“We get to be in charge of our character and values. God gets to be in charge of the future. Between those two realities is the great unfolding.”
That is how I ended my monthly contribution to the church newsletter earlier this month. I wrote the article because I believed that Bethany Presbyterian Church was probably going to be better served by the language of unfolding rather than the more traditional language of strategic planning.
In recent years I have adopted the stance of letting life unfold more and more. This has not come naturally to me. Early in my life planning served me well. If I wanted to buy a new bike within a year I just took the cost of the bike, divided it by twelve and saved that amount every month. On my first pilgrimage I had ten weeks to complete 4,000 miles. The calculator told me that I needed to ride 65 miles a day, six days a week in order to accomplish that. Some days were shorter, some longer. But the planning kept me pretty much on schedule.
But the problem with planning is that it just can’t take into account every surprising and unexpected circumstance. More than once I have returned to the church office after a short illness complaining, “Sickness. I hadn’t planned that into my calendar!” Sometimes it’s divorce or death, an accident, the emergency needs of a family member, a surprise snowstorm, a traffic jam, or a bout of depression.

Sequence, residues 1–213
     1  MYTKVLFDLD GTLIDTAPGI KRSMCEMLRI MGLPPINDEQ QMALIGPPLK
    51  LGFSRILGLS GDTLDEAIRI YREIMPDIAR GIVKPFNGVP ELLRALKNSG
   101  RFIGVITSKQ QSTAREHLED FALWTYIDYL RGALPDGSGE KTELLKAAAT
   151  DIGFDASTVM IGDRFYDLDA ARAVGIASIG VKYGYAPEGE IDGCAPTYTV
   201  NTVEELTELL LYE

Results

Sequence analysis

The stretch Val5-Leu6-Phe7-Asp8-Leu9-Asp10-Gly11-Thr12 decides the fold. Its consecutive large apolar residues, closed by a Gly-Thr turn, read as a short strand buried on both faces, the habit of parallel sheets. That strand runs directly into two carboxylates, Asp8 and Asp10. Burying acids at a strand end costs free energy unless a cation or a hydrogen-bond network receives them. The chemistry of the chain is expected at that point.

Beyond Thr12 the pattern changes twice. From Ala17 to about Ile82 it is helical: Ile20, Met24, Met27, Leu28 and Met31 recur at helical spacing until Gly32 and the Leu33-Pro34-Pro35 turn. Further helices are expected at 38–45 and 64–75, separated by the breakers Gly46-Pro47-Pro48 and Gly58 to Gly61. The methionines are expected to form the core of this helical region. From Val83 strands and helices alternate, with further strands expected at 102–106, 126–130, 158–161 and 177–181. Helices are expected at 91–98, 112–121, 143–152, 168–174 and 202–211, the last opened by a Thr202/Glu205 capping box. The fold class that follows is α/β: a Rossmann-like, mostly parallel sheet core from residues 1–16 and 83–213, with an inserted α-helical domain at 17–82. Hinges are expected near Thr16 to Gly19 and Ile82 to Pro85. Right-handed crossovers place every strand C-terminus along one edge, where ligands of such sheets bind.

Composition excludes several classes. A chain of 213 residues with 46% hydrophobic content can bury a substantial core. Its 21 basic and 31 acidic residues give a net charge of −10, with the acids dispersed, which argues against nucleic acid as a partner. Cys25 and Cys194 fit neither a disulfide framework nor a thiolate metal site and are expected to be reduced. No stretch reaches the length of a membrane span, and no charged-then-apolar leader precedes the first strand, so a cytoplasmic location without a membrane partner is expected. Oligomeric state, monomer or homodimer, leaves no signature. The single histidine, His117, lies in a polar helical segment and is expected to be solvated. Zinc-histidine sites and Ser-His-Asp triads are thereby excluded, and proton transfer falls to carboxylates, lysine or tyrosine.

We very rarely ever plan for such things, which is why I like the language of unfolding. Planning assumes that the world is going to play by the rules that we establish. Unfolding assumes that the world might change, but that our character and values will serve as the guide no matter how many curve balls life throws at us.
I really like the line that came to me (if I must say so myself!). I wrote it because I believe that any illusion of a predictable world has just about been completely shattered. Books that promise a 7-step process to this success or that reward haven’t adjusted to our new reality. Planning is a nice idea, but is only as solid as the world it is built on. And these days it feels like the world is built on quicksand rather than Prudential’s Rock of Gibraltar.
I feel both relief and a little terror when I say this line. Relief—because the line allows me to let go of any sense that the future is my sole responsibility. And terror—because I realize that the future isn’t my sole responsibility. Letting life unfold is wonderfully freeing and unnervingly frightening. I am relieved that I don’t HAVE to be in control and I grieve that I don’t GET to be in control.
But I have given up on making the future what I would like it to be. Rather I am letting my character lead me. I am letting my values choose the path like water seeking the lowest spot.
I like being in this place. I get to be in charge of my character. God gets to be in charge of the future. Between the two is the great, wonderful, unknown and terrifying unfolding. Between the two is a whole hell of a lot of trust!